With the baiting systems, termites obviously must find and eat the bait in order for the chemical to be effective. The acceptability of this "food" in the station results in more termites coming to feed on it. There is no way to predict how soon termites will find and feed in a bait station so an important part of the baiting strategy is to install the stations completely around the structure and to target known or suspected sites of termite activity |
One of the biggest challenges in baiting is getting termites to find the baits in the first place. The timetable for discovery will vary from property to property, depending on such factors as termite foraging intensity, time of year, moisture, and food availability.
Unlike most conventional insecticides, the impact of termite baits is not immediate. By design, the baits contain chemicals that may take several days, weeks, or even months to kill individual termites depending upon the age of the termite and the type of chemical in the bait. This delayed effect is important. You want the termites to carry the bait back to the colony and feed it to other termites within the nest. As a result, it may take several months before the entire colony is substantially reduced. The time of year will also affect how quickly termite activity is eliminated. The key to a successful termite baiting program is proper monitoring and maintenance of the stations. Make sure you understand the monitoring/inspection schedule followed by the company and that you receive regular updates after every inspection, which may occur monthly or quarterly.
Baiting during late-fall and winter is generally less fruitful. Termites may be found in below ground stations at sub-freezing temperatures, but their feeding activity and effects of the bait are greatly reduced. At times of the year when the ground is frozen, snow covered , or saturated, inspection of bait stations can often be curtailed until conditions once again become favorable for termite foraging and feeding.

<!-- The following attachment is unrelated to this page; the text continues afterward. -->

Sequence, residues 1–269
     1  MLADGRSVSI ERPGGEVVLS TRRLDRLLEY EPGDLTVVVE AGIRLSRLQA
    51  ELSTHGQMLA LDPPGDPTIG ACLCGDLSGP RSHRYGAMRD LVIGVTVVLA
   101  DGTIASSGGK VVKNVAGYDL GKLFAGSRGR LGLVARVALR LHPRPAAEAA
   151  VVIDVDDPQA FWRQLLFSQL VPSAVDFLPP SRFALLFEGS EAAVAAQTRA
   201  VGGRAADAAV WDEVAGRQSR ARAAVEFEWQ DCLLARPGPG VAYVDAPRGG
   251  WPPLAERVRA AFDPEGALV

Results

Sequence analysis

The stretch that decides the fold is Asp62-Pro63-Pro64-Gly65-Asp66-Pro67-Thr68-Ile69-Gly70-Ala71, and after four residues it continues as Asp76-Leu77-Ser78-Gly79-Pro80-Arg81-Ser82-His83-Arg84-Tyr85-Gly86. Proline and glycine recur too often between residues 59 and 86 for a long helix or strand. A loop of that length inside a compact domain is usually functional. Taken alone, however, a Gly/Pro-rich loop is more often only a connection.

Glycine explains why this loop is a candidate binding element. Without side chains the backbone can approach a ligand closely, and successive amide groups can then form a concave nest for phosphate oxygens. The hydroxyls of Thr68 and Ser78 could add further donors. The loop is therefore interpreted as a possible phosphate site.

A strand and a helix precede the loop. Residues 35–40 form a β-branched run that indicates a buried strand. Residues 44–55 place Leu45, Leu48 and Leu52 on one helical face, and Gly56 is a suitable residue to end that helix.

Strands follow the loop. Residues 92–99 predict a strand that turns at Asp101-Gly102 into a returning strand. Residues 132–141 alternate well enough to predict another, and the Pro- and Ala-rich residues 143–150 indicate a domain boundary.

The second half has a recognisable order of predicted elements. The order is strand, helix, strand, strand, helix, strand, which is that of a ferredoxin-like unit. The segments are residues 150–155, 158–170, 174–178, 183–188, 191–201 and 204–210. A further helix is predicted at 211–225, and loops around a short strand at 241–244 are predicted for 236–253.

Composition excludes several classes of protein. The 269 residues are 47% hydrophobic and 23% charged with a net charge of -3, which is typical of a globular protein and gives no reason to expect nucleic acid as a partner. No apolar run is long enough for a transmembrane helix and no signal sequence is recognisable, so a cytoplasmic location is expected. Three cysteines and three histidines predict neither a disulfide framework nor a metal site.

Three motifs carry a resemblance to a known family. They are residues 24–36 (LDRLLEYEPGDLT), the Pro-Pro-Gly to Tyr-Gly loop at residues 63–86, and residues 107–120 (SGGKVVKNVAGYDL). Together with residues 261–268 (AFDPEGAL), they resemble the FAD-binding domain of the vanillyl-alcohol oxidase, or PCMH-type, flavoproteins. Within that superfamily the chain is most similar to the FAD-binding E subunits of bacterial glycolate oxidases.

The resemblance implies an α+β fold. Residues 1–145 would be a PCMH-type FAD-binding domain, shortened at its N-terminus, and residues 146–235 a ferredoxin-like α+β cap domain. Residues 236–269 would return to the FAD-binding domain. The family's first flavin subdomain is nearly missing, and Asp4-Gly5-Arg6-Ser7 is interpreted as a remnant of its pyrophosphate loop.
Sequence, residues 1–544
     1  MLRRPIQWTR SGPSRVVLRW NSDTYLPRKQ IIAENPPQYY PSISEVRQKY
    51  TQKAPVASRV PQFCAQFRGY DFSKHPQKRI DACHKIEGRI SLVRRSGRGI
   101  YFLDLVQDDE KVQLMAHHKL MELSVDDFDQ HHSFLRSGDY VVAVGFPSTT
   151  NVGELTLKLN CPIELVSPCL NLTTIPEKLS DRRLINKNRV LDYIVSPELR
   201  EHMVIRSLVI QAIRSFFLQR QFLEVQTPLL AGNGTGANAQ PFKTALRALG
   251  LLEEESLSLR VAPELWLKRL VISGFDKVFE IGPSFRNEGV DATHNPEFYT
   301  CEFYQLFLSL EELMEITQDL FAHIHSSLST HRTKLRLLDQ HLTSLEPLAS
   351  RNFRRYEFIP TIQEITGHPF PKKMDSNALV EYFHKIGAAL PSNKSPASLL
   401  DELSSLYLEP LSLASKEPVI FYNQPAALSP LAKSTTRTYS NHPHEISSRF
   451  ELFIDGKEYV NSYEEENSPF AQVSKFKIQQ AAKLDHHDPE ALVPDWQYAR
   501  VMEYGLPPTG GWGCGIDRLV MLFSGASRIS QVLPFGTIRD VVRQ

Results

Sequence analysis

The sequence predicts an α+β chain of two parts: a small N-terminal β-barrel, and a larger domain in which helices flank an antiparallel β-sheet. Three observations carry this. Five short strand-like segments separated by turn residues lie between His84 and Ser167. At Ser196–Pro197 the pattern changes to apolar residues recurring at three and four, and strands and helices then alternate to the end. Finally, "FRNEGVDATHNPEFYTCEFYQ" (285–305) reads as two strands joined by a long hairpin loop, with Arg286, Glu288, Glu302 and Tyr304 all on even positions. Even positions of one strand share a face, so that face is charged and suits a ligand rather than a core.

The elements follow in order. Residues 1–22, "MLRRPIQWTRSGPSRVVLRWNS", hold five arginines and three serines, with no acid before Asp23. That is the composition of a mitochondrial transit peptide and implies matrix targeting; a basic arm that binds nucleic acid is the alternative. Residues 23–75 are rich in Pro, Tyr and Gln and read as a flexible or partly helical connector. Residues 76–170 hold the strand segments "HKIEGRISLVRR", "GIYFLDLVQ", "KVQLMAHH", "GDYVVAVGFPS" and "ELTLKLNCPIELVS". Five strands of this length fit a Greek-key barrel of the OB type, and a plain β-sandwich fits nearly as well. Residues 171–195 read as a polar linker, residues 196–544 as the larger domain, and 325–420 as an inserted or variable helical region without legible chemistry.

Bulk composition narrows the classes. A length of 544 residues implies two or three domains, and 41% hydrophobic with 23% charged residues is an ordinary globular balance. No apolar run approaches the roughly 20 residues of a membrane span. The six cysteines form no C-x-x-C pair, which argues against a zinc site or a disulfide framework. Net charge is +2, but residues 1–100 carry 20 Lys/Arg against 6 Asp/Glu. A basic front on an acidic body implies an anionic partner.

The more bait stations installed, the better the chances of locating termites. Installing more stations increases the odds of encountering multiple colonies, or weakly associated "satellite nests" of the same colony -- any of which could be of potential risk to the structure. Planning, patience and persistence are requisites for successfully using below-ground termite baits. Regardless of which product is used, the homeowner must be prepared and willing to accept the possibility of a lengthy baiting process.
Various methods of termite baiting are employed by pest control firms. Some baits are inserted below ground out in the yard, while others are installed inside the building in the vicinity of active termite mud tubes. On some properties, baits may constitute the only form of treatment; on others, they may be supplemented with a partial or complete liquid application. Above-Ground Installation
Baits can also be installed above ground, in known areas of termite activity. Typically, the stations are installed directly in the path of active termite tunnels after the mud tubes have been broken. Other times, they can be mounted directly over termite-infested wood, drywall, or other surfaces. Effects tend to be more rapid with above-ground baiting, since the procedure does not require waiting for termites to find the below-ground installations. They are normally used in conjunction with below ground baiting, rather than as a stand alone.
Success will require thoughtful installation and diligent monitoring by an experienced technician, backed by a responsible pest control firm.
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